An Overview Of The Kiawah Island Club
Courtesy of The Kiawah Island Club
Amid Kiawah Island’s uncommon beauty, The Kiawah Island Club is an exclusive private membership club for property owners that offers an unmatched collection of amenities and distinctive venues. Whether dining, golfing, or just relaxing, Members may savor what nature has provided and create memories with family and good friends which last a lifetime.
Among the most notable amenities of The Kiawah Island Club are its two award-winning golf courses. Few courses engage the senses and stir golfers’ souls like Cassique and The River Course.
Named for the Kiawah Indian chief who once hunted these lands, Cassique ranges over former agricultural fields, through maritime forest and along marshes where the Kiawah River meets the Atlantic Ocean.
The clubhouse, reminiscent of a 19th-century English country manor, offers commanding views of the golf course and the tidelands of the Kiawah River. Designed by Tom Watson in 2000, Cassique showcases the flair for dramatics that has punctuated Watson’s playing career.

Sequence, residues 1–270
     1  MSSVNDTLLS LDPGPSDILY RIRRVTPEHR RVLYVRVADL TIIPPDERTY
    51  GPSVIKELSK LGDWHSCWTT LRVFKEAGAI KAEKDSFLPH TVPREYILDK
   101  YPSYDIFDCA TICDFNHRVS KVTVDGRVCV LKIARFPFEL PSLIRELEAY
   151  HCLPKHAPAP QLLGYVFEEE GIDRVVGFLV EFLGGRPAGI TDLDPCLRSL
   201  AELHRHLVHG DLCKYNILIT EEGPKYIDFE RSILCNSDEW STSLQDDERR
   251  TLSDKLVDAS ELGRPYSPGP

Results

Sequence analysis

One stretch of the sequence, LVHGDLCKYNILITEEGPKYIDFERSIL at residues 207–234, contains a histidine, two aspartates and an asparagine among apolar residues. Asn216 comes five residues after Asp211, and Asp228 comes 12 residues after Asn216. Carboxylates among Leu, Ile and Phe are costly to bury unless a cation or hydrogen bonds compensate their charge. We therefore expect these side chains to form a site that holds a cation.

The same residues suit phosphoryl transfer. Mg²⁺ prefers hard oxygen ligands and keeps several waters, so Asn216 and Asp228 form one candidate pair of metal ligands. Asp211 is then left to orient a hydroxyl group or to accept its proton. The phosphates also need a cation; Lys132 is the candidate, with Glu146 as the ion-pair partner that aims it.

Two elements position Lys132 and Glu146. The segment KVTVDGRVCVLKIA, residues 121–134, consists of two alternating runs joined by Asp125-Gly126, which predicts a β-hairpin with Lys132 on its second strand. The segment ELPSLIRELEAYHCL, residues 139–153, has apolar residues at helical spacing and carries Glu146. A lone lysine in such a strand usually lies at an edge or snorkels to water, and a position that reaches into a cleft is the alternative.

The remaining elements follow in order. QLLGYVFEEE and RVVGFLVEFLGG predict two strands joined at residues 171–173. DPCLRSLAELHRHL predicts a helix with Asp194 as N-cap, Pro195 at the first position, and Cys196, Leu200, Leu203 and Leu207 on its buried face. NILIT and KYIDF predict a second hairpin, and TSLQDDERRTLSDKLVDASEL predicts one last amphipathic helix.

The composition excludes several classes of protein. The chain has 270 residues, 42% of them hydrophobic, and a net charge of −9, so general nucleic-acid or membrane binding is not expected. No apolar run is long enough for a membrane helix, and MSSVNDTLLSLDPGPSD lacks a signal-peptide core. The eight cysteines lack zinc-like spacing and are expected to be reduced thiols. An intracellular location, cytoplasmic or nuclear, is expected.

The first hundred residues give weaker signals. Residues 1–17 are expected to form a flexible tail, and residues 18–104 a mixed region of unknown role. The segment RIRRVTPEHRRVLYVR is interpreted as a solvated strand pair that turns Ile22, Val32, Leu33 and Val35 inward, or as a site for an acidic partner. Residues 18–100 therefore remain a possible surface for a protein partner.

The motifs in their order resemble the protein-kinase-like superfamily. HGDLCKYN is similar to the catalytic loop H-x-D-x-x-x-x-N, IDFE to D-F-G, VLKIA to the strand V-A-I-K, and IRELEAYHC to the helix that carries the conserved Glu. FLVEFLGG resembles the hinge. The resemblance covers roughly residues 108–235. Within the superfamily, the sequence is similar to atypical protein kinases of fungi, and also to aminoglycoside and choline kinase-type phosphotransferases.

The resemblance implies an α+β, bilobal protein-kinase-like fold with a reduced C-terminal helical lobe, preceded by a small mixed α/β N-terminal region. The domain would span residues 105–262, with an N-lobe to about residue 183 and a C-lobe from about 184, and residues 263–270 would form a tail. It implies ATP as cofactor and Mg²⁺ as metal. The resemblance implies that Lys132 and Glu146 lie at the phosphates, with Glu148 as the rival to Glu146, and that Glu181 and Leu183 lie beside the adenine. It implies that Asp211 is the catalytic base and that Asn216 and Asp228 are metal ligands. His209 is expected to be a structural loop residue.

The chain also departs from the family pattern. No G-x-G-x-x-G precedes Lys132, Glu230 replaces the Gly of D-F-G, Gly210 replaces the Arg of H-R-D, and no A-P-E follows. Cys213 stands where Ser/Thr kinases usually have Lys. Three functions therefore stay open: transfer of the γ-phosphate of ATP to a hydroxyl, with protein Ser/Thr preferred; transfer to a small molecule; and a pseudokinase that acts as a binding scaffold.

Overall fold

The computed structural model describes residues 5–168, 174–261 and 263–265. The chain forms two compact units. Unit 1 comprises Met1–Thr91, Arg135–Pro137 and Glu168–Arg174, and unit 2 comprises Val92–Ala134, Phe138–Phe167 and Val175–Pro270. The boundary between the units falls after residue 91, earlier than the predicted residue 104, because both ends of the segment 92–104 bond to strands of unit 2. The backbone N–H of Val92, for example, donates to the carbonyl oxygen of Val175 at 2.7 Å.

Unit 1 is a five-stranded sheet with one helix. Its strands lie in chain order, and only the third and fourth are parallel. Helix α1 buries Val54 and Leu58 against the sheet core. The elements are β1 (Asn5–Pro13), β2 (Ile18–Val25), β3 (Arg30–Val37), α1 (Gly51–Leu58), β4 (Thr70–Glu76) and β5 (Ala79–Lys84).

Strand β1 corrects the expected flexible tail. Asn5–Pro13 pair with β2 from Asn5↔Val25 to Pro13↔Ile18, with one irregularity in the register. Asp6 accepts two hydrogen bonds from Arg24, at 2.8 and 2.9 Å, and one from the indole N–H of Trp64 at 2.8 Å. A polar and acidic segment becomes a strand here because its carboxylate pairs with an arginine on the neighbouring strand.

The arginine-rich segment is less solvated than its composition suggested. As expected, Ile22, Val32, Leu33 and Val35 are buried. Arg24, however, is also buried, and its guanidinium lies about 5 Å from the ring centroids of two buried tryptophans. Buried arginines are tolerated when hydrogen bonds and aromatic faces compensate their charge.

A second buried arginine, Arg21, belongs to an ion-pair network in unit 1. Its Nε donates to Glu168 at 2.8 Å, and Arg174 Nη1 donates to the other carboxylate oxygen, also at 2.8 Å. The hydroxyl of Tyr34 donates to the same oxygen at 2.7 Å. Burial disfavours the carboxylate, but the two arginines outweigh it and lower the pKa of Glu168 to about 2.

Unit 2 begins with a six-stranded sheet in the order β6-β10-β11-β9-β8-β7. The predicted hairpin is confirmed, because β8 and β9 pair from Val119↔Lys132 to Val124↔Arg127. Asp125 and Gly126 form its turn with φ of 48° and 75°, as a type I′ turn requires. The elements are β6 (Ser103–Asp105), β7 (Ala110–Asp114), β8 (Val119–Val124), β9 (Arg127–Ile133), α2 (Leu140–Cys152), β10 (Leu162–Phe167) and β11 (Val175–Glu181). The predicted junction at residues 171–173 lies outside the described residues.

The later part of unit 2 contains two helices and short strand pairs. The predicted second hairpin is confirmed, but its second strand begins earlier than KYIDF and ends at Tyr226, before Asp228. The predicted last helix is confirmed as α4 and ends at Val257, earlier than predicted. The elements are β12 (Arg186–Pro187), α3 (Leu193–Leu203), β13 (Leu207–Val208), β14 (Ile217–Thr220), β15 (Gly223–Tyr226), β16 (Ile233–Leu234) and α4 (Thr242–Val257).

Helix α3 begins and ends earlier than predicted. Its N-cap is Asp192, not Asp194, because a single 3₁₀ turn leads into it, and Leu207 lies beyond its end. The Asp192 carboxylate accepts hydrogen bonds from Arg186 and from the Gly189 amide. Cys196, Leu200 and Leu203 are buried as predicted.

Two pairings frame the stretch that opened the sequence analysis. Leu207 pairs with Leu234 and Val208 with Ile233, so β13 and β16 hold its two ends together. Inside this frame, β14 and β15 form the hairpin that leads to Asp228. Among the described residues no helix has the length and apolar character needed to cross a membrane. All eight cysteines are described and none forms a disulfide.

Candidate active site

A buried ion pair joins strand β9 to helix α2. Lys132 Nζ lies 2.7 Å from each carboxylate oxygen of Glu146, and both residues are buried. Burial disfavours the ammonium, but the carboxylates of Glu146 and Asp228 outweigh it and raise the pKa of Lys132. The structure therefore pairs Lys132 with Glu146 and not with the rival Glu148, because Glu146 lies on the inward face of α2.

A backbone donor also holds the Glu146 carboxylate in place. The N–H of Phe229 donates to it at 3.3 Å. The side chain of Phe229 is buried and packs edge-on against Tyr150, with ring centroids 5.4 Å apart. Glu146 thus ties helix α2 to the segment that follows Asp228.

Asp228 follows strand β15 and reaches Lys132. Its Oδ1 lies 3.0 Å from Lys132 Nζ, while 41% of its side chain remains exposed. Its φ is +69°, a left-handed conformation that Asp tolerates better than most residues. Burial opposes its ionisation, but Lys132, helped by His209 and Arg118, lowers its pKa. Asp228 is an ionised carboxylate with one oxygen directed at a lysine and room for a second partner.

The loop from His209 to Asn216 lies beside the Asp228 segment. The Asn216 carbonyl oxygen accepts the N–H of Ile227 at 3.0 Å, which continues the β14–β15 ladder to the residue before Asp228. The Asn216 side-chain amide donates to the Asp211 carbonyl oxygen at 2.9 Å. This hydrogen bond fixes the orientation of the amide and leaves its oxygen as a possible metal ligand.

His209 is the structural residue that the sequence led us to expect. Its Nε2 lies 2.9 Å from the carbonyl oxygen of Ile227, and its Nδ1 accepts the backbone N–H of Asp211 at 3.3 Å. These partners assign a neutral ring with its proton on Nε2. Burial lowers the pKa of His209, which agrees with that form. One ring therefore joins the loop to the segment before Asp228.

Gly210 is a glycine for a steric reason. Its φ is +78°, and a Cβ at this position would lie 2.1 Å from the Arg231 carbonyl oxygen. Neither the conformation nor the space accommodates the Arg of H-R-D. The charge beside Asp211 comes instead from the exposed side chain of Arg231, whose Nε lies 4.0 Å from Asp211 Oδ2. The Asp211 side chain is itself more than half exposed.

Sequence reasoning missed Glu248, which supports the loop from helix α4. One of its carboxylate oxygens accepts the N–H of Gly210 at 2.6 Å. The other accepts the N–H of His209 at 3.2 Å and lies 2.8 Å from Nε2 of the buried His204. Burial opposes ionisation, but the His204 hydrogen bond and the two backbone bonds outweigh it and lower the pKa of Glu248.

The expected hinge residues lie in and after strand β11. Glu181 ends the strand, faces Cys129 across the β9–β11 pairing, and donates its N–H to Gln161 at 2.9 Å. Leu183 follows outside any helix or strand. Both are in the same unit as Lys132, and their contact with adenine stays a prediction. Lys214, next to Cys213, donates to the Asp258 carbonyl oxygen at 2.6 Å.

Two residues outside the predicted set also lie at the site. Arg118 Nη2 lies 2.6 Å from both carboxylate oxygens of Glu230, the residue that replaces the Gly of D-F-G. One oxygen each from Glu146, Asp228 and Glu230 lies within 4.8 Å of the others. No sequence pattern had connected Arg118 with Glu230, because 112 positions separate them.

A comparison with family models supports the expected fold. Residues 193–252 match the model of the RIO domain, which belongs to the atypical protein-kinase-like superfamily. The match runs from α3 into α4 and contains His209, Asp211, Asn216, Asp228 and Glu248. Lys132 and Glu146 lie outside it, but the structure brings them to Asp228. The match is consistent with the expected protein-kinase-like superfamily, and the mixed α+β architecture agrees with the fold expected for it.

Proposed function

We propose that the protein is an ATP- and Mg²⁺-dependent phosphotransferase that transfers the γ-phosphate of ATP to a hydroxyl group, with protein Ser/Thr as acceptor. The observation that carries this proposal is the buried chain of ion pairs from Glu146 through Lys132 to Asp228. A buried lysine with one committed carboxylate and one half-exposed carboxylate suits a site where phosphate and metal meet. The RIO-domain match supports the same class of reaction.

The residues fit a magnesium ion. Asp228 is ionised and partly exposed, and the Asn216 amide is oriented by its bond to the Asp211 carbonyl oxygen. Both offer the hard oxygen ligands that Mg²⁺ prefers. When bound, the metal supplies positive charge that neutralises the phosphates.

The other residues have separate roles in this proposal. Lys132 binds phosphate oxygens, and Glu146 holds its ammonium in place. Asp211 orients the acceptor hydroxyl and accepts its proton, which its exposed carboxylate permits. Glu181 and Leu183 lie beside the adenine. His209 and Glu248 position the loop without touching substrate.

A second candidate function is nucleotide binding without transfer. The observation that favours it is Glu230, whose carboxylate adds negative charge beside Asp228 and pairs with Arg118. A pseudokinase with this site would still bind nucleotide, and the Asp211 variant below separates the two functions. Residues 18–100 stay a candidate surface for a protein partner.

In creating his first solo design in North America, the Midwesterner drew upon lessons learned en route to five British Open championships. With its walkable layout, Cassique is a links-style course reminiscent of seaside layouts found in Scotland and Ireland. Like those classic settings, Cassique offers little protection from ocean winds, so Watson fashioned holes that could be played in numerous ways depending on the conditions and the creativity of the golfer.
The River Course
Designed by Tom Fazio, The River Course opened in 1995 as The Kiawah Island Club’s first golf course. With its clubhouse nestled on an ancient bluff surrounded by large live oaks, The River Course overlooks the Kiawah River to the north and Bass Pond to the southeast. For golfers, The River Course provides a challenging and aesthetically pleasing test. It boasts six holes that play along the river’s edge, with the other fairways and greens playing along picturesque marsh savannahs, ponds, and the Island’s incomparable maritime forest.